Erasmus has more than done everything he can to prove he is as democratic as it gets. He’s already put forward constitutional amendments that would ensure the Caesar would be accountable to an independent judiciary, amendments that are expected to pass. He’s held numerous meetings since gaining office with the Republican Consul and the Tribune of Plebs, and he’s already planned numerous town hall meetings across the Empire to get feedback from the people. He’s offered to testify publicly before the Plebian Council and the Roman Senate regarding any issues they may have with him, saying that “the Caesar should never need a subpoena.”

He’s even gone so far as to say he’ll publicly testify before the Council and Senate regarding Modine’s latest broadside and hire a special prosecutor to investigate the allegations, even going so far as to allow the Virtue Ensurers to verify the election results, even though some view that move as risky.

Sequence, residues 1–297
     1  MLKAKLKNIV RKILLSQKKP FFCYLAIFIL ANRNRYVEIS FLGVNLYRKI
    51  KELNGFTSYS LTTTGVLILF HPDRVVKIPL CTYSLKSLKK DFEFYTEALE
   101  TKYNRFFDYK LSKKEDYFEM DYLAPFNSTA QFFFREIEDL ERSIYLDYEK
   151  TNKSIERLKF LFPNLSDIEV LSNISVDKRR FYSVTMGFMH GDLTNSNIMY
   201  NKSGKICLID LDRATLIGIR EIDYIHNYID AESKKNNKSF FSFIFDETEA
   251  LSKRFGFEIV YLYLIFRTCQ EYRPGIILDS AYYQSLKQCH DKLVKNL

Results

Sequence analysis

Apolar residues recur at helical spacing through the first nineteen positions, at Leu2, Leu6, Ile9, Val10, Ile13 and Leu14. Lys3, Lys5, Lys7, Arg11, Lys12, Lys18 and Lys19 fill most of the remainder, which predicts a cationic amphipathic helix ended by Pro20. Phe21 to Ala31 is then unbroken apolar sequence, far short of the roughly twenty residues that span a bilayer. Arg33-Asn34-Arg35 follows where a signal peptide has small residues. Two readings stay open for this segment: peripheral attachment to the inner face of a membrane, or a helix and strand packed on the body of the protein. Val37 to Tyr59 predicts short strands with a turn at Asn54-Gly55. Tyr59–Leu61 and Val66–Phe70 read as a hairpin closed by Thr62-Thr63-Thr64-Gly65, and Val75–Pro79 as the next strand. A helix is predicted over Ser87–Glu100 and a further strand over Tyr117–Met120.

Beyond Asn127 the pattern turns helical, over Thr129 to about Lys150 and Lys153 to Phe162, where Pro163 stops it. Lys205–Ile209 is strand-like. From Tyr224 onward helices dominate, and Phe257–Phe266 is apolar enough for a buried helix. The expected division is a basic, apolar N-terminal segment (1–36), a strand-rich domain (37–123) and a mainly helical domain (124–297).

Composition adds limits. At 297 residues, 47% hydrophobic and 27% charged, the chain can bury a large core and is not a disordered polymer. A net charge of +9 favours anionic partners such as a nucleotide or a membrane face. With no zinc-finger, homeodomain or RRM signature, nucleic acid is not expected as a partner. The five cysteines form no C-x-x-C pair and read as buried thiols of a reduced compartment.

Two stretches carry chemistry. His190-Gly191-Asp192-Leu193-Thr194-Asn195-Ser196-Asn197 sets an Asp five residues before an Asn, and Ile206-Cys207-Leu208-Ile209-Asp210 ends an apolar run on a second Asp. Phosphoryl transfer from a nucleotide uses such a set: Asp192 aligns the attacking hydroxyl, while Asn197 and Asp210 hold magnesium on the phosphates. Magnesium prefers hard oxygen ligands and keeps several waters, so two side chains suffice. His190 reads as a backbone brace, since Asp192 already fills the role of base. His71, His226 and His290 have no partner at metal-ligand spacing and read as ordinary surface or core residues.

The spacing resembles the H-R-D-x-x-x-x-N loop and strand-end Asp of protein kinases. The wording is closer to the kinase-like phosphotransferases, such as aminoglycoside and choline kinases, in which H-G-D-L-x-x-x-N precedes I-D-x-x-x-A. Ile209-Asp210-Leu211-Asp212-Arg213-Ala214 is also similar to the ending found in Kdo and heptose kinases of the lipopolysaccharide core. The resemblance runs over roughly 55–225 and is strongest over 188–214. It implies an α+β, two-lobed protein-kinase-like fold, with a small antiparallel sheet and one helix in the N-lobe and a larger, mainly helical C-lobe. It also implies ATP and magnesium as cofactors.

He’s been more than forthcoming and open about anything.

Modine?

She’s refused, time and again, to allow any kind of investigation into the elections that got her into power and established the American Confederacy, despite clear evidence of improprieties. Hundreds of her political opponents have been jailed and even convicted under spurious charges, with many others resigning than be reduced to that fate. She’s enacted many laws that have removed basic civil rights for her citizens, such as indiscriminately banning and expelling Nathanites and jailing thousands of men who were merely accused of the slightest bit of harassment, with no evidence needed to convict (and many wrongfully convicted). Elections- right down to the municipal level- have become a farce, with Modine bullying and intimidating voters into choosing her candidate and scaring off any actual opposition, and that’s only if those elections are even allowed to be held at all.